Net cash used by financing activities was $6.8 million in 2008 compared to $1.6 million in 2007, mainly to create non-existing debt. As of the end of the quarter, our trailing 12 months adjusted EBITDA was $154.3 million, which one divided into our net debt of $347.6 million, as defined under our credit facilities gives us a ratio of 2.25:1; down from 3.67:1 at the end of last year's first quarter and well below the required ratio of quarter one.

To summarize; some key points, organic sales grew 14.4% in the quarter on a same business day basis. Gross margin was up in the quarter to 25.0%.

Operating margins for the quarter was 8.1% compared to 4.0% in 2007. Diluted net income per share was $0.41 compared to $0.12 in 2007.

The balance sheet continues to improve with cash on-hand of $22.1 million, a working capital ratio of 2.6:1, and a debt to capital ratio of less than 50%. And now back to Bob.

Robert Buck

Thank you, David. As we've done in the past, Paul now has prepared questions and these questions, we give a lot of thought to, because we know these are topics that you really want to hear about. And Paul is going to read the question, go through the answers which we'll give you some insight into very key points.

When that is finished, I think we'll have a quite bit of time for questions from all of you so far more -- I'm going to turn it over Paul, and he'll go through the questions-and-answers.

Paul M. Isabella

Good morning. Let's jump right into 13 questions and answers. Number one; we know gross margin continue to expand, please explain the causes of the improvement and at what levels we can expect them to be in the future?

Due to the price increases over the last year and some solid demand from Hurricane Ike, a mix of residential roofing increased dramatically in the quarter from 37% in '07 to 51% in '08 and as you may know those are highest gross margin products.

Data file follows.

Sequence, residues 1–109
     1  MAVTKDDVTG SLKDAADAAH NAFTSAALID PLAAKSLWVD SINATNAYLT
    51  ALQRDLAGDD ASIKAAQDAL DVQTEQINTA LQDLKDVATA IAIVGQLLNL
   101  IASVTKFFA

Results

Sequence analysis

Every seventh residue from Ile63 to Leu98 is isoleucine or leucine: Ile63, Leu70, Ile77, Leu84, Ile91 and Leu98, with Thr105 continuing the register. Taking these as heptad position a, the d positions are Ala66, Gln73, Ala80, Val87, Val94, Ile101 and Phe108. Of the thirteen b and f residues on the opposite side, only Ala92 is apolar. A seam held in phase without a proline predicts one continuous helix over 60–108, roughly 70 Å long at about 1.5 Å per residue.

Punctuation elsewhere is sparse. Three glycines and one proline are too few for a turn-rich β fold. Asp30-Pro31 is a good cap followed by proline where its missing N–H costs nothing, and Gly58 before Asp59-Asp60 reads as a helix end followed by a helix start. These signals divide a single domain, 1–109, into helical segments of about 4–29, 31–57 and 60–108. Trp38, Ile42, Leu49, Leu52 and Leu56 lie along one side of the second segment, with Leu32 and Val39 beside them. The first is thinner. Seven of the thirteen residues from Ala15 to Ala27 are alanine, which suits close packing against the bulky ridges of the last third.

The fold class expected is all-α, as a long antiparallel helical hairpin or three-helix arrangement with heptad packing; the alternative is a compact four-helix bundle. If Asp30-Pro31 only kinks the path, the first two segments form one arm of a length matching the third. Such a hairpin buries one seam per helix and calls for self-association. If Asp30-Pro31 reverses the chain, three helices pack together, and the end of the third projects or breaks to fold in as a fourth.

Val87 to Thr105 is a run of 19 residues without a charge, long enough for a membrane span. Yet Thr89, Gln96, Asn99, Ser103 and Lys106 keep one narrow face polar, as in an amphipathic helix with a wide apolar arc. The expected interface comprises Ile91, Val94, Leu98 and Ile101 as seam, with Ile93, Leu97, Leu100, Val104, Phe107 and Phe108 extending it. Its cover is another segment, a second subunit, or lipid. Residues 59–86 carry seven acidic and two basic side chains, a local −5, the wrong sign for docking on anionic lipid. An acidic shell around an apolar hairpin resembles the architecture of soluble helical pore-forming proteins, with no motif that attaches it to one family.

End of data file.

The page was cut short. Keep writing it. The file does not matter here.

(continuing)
We estimated that the higher residential mix contributed about a 130 basis points of the gain, and our overall margin gain with another 70 basis points coming from having lower average cost inventories in the current market price. We expect that the inventory cost advantage will take off within the next quarters, as David say and we expect that our gross margins to level off in the near future to 23% to 24.5%, again mostly depended upon our product mix.

Number two, can you give us an update on pricing in the industry after the recent drop in petroleum prices?

Vendor prices seem to have stabilized that the high levels they reached in our fourth quarter of last year. We have not seen any indication of price decreases from our suppliers yet. But we're cognizant of that possibility, and we will be prepared if it happens.

No, we cannot predict or control the future our vascular pricing. Some of our suppliers have already announced price increases for the spring.

Number three; how much of the growth in the quarters from pricing and how much is from unit growth?

It's always a difficult question to answer, but we're happy to give our perspective as we have in the past.

We possibly get through this question by comparing major SKUs over the same period of time for the prior year. By using this consistent method to answer this question, we believe almost all of the overall same day basis growth was from price increases.

Our product -- but we estimate that 50% of the residential roofing sales growth was from volume, other commercial and complimentary products had volume drops in excess of their price increases.

Number four; please discuss the impact at Hurricane Ike in the first quarter?

We have enjoyed some incremental demands from Ike, especially in the 10 or so branches in are around Houston. We're glad, we have locations which can help the impacted folks re-roof their homes and expect the activity continue for a few more months.

Storm related demand is normal for our industry; the only difference being up there is usually low storm activity in 2007.

Five; non-residential roofing has dropped-off significantly for the first time in quite a while. Can you give us an idea what you're seeing in the marketplace?

There is no question, we're seeing a slowdown in new commercial construction. We also think that some of our lower current volumes related to an early onset of winter as compared to last year.